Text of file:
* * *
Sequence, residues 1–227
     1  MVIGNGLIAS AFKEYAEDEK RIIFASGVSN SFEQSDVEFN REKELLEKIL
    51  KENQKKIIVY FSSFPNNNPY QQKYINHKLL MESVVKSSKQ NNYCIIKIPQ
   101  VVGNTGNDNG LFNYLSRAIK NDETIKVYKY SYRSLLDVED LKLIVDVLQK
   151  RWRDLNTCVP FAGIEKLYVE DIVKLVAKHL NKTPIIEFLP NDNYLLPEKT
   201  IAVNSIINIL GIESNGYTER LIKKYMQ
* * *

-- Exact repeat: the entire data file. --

Sequence, residues 1–227
     1  MVIGNGLIAS AFKEYAEDEK RIIFASGVSN SFEQSDVEFN REKELLEKIL
    51  KENQKKIIVY FSSFPNNNPY QQKYINHKLL MESVVKSSKQ NNYCIIKIPQ
   101  VVGNTGNDNG LFNYLSRAIK NDETIKVYKY SYRSLLDVED LKLIVDVLQK
   151  RWRDLNTCVP FAGIEKLYVE DIVKLVAKHL NKTPIIEFLP NDNYLLPEKT
   201  IAVNSIINIL GIESNGYTER LIKKYMQ